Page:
Whether it be the Lord’s Prayer, the Trinity, the two natures, the sacraments it appears that in Christianity what all this has become is “here’s the test question and the right answer is….”. But nothing to the effect of the soul damning danger. You see Mormons, for example, argue this way, we are “Christians” just not Nicene Creed confessing Christians. Why is this a problem? Because it is perceived that this is just a “test question” and then, as the defense goes, “Well, we are not saved by our perfect knowledge of God/Scripture/doctrine etc…”. I’ve seen this approach argued for nearly every single article of faith be it the Trinity, the two natures, the sacraments and even more open communions. That’s the defense for X heresy. Because if we were saved by our 100% A+ test answer, as any protestant worth his/her salt knows, that would be works salvation and that’s wrong.

    Few argue the soul damning danger one is in because we are afraid to call it such “soul damning danger”, “of the devil”, etc… We want to have common ground. So the “we are not saved by our perfect test knowledge” defense goes up. We never really bother to spell out that one is turning from the Word of God and thus from salvation be it the Trinity, the two natures, the sacraments, etc… Because we want everyone’s feelings not hurt that “they are not Christian” or at length “a child of God just by another way”. It’s not “getting test question right” (works) it’s “here is salvation and you are turning from it”, hence soul damning and murdering nature of such false words and heterodoxies.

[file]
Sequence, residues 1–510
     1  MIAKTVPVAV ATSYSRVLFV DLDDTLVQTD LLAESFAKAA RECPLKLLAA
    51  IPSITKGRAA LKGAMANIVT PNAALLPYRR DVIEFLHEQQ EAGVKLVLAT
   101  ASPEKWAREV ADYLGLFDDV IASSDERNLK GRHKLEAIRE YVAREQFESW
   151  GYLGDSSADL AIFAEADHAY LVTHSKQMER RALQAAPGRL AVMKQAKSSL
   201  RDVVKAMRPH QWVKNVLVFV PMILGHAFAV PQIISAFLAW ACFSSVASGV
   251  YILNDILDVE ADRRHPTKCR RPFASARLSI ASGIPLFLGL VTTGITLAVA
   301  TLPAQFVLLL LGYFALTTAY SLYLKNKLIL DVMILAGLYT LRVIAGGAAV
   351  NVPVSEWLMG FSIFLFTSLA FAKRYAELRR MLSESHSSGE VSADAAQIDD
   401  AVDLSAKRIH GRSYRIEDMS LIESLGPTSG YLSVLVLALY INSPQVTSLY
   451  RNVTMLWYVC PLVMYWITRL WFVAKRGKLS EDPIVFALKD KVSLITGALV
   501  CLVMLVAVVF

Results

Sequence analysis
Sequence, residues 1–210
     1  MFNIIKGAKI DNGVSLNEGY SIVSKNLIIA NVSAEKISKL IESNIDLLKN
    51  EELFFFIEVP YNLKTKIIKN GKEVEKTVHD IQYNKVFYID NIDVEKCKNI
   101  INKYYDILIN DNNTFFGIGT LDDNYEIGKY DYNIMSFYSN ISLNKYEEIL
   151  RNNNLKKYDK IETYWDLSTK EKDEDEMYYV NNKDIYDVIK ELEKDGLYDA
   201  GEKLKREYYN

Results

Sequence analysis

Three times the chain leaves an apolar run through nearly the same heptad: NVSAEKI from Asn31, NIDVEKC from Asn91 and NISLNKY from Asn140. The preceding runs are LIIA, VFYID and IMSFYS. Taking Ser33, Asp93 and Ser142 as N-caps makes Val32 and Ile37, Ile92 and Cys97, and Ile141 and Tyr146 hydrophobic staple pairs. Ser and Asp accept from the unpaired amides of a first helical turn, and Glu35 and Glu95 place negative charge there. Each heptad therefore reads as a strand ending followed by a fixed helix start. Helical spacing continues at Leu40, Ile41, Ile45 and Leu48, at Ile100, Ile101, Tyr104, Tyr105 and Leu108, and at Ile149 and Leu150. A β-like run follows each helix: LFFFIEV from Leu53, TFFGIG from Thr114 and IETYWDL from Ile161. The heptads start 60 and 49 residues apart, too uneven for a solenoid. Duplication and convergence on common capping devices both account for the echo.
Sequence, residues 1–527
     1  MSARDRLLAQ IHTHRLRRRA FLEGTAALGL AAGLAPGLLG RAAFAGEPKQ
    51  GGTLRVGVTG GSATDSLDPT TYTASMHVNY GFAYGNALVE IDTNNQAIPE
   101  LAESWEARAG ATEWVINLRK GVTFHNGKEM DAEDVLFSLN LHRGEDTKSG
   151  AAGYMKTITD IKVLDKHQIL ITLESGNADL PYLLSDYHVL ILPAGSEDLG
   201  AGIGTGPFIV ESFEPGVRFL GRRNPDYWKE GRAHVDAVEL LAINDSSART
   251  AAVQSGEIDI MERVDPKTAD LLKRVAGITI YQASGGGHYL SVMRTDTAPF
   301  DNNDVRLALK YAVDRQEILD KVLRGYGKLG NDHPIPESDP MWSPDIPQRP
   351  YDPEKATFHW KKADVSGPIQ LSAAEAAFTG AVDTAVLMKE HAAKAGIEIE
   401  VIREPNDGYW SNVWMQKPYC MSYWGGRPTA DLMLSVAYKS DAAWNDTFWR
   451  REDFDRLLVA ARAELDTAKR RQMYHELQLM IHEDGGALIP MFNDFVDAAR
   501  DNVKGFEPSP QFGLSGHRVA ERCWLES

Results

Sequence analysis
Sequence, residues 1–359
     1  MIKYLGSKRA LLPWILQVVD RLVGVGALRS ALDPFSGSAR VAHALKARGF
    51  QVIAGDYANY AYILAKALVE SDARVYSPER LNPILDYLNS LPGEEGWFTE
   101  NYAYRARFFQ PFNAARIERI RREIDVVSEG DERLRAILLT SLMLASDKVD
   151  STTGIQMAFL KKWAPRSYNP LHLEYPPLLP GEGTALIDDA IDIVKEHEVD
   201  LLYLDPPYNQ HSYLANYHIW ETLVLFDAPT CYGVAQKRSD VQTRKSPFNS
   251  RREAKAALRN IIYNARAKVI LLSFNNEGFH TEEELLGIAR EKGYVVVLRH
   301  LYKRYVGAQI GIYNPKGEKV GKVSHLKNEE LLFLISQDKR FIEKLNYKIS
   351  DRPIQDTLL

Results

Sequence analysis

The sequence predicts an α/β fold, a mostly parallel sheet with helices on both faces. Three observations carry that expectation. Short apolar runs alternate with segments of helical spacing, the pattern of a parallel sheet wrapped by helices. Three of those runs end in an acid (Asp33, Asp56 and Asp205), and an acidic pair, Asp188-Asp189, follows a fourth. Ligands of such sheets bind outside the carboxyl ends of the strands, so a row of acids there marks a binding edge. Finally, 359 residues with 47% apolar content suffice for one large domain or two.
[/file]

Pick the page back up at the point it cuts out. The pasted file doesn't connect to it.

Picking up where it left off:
Analogy: It’s the day Noah is building the ark and he is into a debate with a local.

    Noah Preaches: “Repent and get on board, this is the way of salvation as God has promised.”
    Local Citizen: “Noah, no one is saved by their perfect knowledge of God’s Word/doctrine.”
    Noah Preaches: “But God has spoken of this and promised and He cannot lie nor deny Himself!”
    Local Citizen: “Noah, Noah, Noah do you not know that man is not saved by works but only by grace and faith alone, and ‘getting on that ark of yours’ would be salvation by works. Man knows his rightness before God by a changed life and/or the inner witness of the spirit, not by getting on some boat.”

    Noah Preaches: “But God has spoken and promised!”
    Local Citizen: “Noah, man is not saved by his perfect knowledge and/or his works, the spirit, the spirit, the spirit man speaks this rightness to us.”
    Noah Preaches: “But God has spoken and promised!”
    Local Citizen: “Don’t you think God meant, ‘I will save you as like an ark during a flood’, you’ve taken this way too literally and as such are working your way to heaven and thinking that ‘right doctrine gets you there’.

  • larry

    Trinity, etc…